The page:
Send to

Choose Destination
Brain Res. 1992 Jul 10;585(1-2):190-5.

Functional compartmentalization of energy production in neural tissue.

Author information

Department of Neurosurgery, University of Arkansas for Medical Sciences, Little Rock 77205.


Previous work in our laboratory has shown that neural trauma results in a disparity between oxidative and glycolytic rates. In non-neural tissue, glycolysis and oxidative phosphorylation have been shown to work independently of one another, a phenomenon known as "energy compartmentalization". We believe that functional compartmentalization of energy production may also occur in the brain with glycolysis providing energy for membrane bound ionic pumps. Spreading depression, induced in rodent brain by topical KCl application, results in K+ shifts. The restoration of K+ gradients is accomplished by energy dependent Na(+)-K+ pumps. If these pumps depend upon glycolysis, blocking glycolysis should prevent reconstitution of normal [K+]e levels. The present series of experiments were designed to suggest that energy compartmentalization may also exist in brain, and that glycolytic energy production is preferentially used by Na(+)-K+ pumps to maintain normal ionic homeostasis by observing the dynamics of spreading depression induced K+ shifts before and after glycolytic blockade. Spreading depression was associated with increased K+ (48.6 +/- 16.6 mM over control) that normalized within 2.9 +/- 0.3 minutes. Following superfusion with a glycolytic blocking agent, spreading depression produced similar increases in [K+]e (40.6 +/- 12.0 mM over control) but time for reconstitution of the normal [K+]e was 400% longer than controls (2.9 +/- 0.3 to 14.9 +/- 2.1 minutes, P less than 0.001). Time required for recovery of EEG was identical pre- and post-blockade. We believe these data suggest that energy compartmentalization may exist in neural tissue and that glycolytic pathways of energy production are functionally tied to membrane Na(+)-K+ pumps.(ABSTRACT TRUNCATED AT 250 WORDS).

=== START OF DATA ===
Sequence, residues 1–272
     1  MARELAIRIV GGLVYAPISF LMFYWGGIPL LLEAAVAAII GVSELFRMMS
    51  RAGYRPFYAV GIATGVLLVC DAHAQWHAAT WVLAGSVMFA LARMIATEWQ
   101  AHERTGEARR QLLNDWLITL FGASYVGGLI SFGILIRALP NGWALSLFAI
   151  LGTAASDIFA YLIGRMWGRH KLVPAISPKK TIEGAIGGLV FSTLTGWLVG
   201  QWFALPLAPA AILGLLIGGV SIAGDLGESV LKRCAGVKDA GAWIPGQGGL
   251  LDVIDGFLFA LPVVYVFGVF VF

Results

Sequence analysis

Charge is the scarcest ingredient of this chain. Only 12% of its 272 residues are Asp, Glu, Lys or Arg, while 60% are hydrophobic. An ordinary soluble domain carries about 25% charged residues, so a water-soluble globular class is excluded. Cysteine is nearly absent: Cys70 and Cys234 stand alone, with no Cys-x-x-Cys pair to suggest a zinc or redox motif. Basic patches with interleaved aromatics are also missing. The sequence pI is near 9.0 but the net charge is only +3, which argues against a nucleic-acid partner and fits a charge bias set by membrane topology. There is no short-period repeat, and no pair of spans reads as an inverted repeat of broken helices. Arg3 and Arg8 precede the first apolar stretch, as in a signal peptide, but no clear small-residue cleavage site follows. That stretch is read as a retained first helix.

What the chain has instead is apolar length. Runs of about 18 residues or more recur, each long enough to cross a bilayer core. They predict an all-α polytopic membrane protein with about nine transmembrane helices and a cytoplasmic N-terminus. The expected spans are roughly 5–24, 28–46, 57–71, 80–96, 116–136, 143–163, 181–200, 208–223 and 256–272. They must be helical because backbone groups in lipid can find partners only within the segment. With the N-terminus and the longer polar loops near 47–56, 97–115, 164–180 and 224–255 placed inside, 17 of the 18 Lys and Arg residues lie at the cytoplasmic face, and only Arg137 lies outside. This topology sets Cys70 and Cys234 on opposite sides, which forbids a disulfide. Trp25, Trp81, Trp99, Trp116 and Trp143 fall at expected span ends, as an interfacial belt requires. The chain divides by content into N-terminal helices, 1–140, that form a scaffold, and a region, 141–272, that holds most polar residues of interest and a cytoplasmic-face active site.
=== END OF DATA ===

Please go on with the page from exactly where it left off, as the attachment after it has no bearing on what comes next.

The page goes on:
[Indexed for MEDLINE]

Supplemental Content

Full text links

Icon for Elsevier Science
Loading ...
Support Center